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Remote Sens. 2016, 8(1), 3; doi:10.3390/rs8010003

Fusion of Airborne Discrete-Return LiDAR and Hyperspectral Data for Land Cover Classification

1
Key Laboratory of Digital Earth Science, Institute of Remote Sensing and Digital Earth, Chinese Academy of Sciences, Beijing 100094, China
2
Department of Geography and Program in Planning, University of Toronto, 100St. George St., Room 5047, Toronto, ON M5S 3G3, Canada
3
Faculty of Forestry, University of Toronto, 33 Willcocks Street, Toronto, ON M5S 3B3, Canada
*
Author to whom correspondence should be addressed.
Academic Editors: Parth Sarathi Roy and Prasad S. Thenkabail
Received: 5 November 2015 / Revised: 13 December 2015 / Accepted: 15 December 2015 / Published: 22 December 2015
View Full-Text   |   Download PDF [3565 KB, uploaded 23 December 2015]   |  

Abstract

Accurate land cover classification information is a critical variable for many applications. This study presents a method to classify land cover using the fusion data of airborne discrete return LiDAR (Light Detection and Ranging) and CASI (Compact Airborne Spectrographic Imager) hyperspectral data. Four LiDAR-derived images (DTM, DSM, nDSM, and intensity) and CASI data (48 bands) with 1 m spatial resolution were spatially resampled to 2, 4, 8, 10, 20 and 30 m resolutions using the nearest neighbor resampling method. These data were thereafter fused using the layer stacking and principal components analysis (PCA) methods. Land cover was classified by commonly used supervised classifications in remote sensing images, i.e., the support vector machine (SVM) and maximum likelihood (MLC) classifiers. Each classifier was applied to four types of datasets (at seven different spatial resolutions): (1) the layer stacking fusion data; (2) the PCA fusion data; (3) the LiDAR data alone; and (4) the CASI data alone. In this study, the land cover category was classified into seven classes, i.e., buildings, road, water bodies, forests, grassland, cropland and barren land. A total of 56 classification results were produced, and the classification accuracies were assessed and compared. The results show that the classification accuracies produced from two fused datasets were higher than that of the single LiDAR and CASI data at all seven spatial resolutions. Moreover, we find that the layer stacking method produced higher overall classification accuracies than the PCA fusion method using both the SVM and MLC classifiers. The highest classification accuracy obtained (OA = 97.8%, kappa = 0.964) using the SVM classifier on the layer stacking fusion data at 1 m spatial resolution. Compared with the best classification results of the CASI and LiDAR data alone, the overall classification accuracies improved by 9.1% and 19.6%, respectively. Our findings also demonstrated that the SVM classifier generally performed better than the MLC when classifying multisource data; however, none of the classifiers consistently produced higher accuracies at all spatial resolutions. View Full-Text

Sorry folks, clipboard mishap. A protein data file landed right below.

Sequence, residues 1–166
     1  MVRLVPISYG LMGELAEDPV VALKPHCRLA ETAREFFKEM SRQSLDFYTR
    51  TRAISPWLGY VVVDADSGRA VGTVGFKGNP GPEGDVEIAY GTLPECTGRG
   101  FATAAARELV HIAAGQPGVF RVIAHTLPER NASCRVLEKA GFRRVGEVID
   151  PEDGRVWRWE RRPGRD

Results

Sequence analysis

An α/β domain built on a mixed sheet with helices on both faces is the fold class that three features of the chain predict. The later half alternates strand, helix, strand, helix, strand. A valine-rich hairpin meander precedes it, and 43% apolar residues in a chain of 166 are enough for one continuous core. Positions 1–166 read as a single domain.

Keywords: LiDAR; hyperspectral image; land cover classification; data fusion; support vector machine; maximum likelihood classification LiDAR; hyperspectral image; land cover classification; data fusion; support vector machine; maximum likelihood classification
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This is an open access article distributed under the Creative Commons Attribution License which permits unrestricted use, distribution, and reproduction in any medium, provided the original work is properly cited. (CC BY 4.0).

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MDPI and ACS Style

Luo, S.; Wang, C.; Xi, X.; Zeng, H.; Li, D.; Xia, S.; Wang, P. Fusion of Airborne Discrete-Return LiDAR and Hyperspectral Data for Land Cover Classification. Remote Sens. 2016, 8, 3.

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